For some time we stood there - just gazing at the view, nothing else, letting the glory and the vastness of it permeate us before leaving it behind with the inevitable descent. The surprise reveal felt like a well-earned reward. And for once I was okay with thinking of it that way.

26 comments:

  1. Well, certainly there's the fact that bicycling earns one the right to tell their stories. I bore my kids with something after every ride and do it with enthusiasm, or so I think, but in usually ends with 'you had to be there'……It's while I like bikes.

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    1. Oh god. I've been reading older novels. So had to process "bore my kids after every ride" several times before my brain finally readjusted and I stopped picturing you giving birth apres-velo. (Now that would be some story!)

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    2. Oh no - that would be too horrid to imagine :(

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  2. Utterly terrifying, why do people have that kind of dog, let alone a pack. I think you did well not to panic and freeze when confronted by all those Rottweilers. Ugghh!

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    1. I imagine they have that kind of dog precisely in order to terrify : ((

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    2. People keep rottweilers as pets because nature - genetics - grants that dog breed the ability to have a stocky, muscular, and heavy frame. Nurture - how they're treated by people from the time that they're born up through adulthood - determines their temperament. Evidently the dogs in that camp were raised to be very aggressive towards people. I've known many rottweilers in my time working at a local animal shelter, and some of them have exhibited very aggressive behavior, and some of them were the absolute sweetest dogs, friendly to everyone they meet. It's all to do with how they're raised. I've also seen other dog breeds show extreme aggression towards people. Just last night, in fact, walking through the supermarket parking lot, there was a larger dog (maybe a german shepherd) who acted much like the ones in Velouria's story. Fortunately it was restrained by it's owners (though only barely).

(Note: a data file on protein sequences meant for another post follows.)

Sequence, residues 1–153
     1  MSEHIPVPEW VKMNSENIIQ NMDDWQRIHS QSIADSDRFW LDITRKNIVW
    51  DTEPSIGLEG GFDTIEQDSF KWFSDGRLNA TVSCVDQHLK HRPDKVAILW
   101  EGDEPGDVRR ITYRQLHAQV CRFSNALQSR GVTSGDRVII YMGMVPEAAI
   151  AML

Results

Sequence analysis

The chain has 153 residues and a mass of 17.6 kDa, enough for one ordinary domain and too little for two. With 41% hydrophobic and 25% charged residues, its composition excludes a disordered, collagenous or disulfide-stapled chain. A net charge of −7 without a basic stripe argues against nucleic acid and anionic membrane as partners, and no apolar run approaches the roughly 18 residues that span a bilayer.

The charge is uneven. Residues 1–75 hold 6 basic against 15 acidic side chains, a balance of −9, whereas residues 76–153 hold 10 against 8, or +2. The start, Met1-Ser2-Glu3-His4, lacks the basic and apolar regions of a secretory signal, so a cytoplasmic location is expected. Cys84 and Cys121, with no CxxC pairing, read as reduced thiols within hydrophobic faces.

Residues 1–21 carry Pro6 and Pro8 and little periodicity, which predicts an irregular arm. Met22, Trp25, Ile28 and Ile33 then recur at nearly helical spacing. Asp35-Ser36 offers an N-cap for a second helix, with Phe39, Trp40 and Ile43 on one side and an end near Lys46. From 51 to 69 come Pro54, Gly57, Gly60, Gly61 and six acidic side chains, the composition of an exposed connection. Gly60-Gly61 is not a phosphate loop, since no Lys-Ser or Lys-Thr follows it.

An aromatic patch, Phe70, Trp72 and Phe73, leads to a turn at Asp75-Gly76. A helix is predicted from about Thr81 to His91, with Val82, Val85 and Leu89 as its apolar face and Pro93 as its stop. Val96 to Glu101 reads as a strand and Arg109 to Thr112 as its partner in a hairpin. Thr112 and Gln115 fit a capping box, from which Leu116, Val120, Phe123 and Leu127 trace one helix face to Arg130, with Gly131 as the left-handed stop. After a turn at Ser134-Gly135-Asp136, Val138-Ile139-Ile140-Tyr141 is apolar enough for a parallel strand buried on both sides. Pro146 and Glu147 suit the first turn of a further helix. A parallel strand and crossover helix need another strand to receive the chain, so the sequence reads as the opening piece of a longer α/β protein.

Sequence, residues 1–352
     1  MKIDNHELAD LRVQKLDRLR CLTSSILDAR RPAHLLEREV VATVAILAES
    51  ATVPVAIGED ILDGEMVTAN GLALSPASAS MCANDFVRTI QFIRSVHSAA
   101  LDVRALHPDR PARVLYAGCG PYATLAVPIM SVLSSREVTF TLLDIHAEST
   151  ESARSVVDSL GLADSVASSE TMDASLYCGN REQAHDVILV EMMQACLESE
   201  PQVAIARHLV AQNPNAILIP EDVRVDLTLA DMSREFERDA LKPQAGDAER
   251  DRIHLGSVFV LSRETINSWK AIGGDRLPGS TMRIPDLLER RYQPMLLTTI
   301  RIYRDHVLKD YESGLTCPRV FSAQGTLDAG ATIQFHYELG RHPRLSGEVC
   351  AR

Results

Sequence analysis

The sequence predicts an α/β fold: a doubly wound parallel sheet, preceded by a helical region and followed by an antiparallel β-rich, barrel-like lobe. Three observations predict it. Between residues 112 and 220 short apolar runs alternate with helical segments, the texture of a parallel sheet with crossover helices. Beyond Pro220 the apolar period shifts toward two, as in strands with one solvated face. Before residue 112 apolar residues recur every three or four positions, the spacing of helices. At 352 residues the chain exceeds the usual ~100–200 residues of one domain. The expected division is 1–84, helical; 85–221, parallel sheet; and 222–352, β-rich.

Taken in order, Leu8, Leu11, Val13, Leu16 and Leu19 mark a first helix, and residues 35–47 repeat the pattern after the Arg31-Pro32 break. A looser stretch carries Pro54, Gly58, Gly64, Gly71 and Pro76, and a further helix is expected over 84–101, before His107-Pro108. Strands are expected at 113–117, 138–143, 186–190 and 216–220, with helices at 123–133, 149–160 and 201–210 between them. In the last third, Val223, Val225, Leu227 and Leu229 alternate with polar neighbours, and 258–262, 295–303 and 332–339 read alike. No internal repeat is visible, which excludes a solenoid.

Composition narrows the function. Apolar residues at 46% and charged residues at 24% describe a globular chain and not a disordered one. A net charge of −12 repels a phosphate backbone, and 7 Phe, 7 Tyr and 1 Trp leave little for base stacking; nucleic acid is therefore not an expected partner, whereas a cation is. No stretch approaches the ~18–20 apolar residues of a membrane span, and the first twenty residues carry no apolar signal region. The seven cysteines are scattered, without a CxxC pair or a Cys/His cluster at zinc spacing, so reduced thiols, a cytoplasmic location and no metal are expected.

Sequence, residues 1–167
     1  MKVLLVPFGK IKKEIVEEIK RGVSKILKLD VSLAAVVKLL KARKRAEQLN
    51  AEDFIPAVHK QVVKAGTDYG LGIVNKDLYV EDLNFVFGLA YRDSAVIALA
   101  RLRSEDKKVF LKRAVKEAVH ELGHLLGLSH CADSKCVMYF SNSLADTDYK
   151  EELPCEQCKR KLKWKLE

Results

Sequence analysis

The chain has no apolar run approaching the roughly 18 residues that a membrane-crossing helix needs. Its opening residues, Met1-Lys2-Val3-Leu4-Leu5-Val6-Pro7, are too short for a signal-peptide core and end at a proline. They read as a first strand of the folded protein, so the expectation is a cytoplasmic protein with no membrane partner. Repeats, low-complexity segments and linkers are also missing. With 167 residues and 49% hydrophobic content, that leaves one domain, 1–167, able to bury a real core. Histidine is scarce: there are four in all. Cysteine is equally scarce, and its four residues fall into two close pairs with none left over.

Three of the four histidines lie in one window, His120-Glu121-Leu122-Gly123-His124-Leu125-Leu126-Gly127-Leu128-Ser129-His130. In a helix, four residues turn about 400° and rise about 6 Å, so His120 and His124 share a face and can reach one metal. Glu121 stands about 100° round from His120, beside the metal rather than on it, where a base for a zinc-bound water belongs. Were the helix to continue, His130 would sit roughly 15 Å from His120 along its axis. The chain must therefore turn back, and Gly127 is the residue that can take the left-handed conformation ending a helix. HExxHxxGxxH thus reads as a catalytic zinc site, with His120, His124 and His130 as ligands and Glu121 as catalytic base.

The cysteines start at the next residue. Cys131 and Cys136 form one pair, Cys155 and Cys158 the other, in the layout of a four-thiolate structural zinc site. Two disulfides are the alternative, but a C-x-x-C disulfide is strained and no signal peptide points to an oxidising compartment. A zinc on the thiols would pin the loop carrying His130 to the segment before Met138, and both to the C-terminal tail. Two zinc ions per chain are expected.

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  3. In my youth loose dogs where the bane of any cyclists life, thankfully roads are free of dogs now, one of the few real improvements...

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  4. Wow, that is scary. Especially since, unless you had a great start, likely not to outrun them if loose! That's a thought that makes for sleepless nights.

    Running in countryside past grazing cattle one time; all of a sudden this huge black Brahma bull to my incredulous eyes takes off running directly at me. Talk about picking up the pace. City limits sign never looked so good! Thanks! Jim Duncan

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    1. Did he get loose, or do they not tend to keep them penned up where you live (a terrifying possibility!) ?...

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    2. I had a similar experiencing like this while mountain biking. A large bull came rushing, full speed, down the hill towards a me and a friend while climbing up a gravel road. It was public land that was used for grazing. I somehow went from grinding slowly up in my climbing gear to the big ring and pedaled off up the hill with ease. I wish I could tap into that adrenaline at will.

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    3. Sort of a happenstance thing with shoddy fence maintenance. In this instance, part of fence was down.

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    4. Wish I could tap into it at will as well. But it's nice to know at least that our evolutionary programming is working!